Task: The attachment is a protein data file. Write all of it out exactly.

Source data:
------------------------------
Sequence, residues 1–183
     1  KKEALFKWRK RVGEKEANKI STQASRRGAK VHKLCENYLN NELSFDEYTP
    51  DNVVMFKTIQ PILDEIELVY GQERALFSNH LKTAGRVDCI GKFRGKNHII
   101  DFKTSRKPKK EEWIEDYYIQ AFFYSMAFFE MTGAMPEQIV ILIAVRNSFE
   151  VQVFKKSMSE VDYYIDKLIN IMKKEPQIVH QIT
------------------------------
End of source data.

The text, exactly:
Sequence, residues 1–183
     1  KKEALFKWRK RVGEKEANKI STQASRRGAK VHKLCENYLN NELSFDEYTP
    51  DNVVMFKTIQ PILDEIELVY GQERALFSNH LKTAGRVDCI GKFRGKNHII
   101  DFKTSRKPKK EEWIEDYYIQ AFFYSMAFFE MTGAMPEQIV ILIAVRNSFE
   151  VQVFKKSMSE VDYYIDKLIN IMKKEPQIVH QIT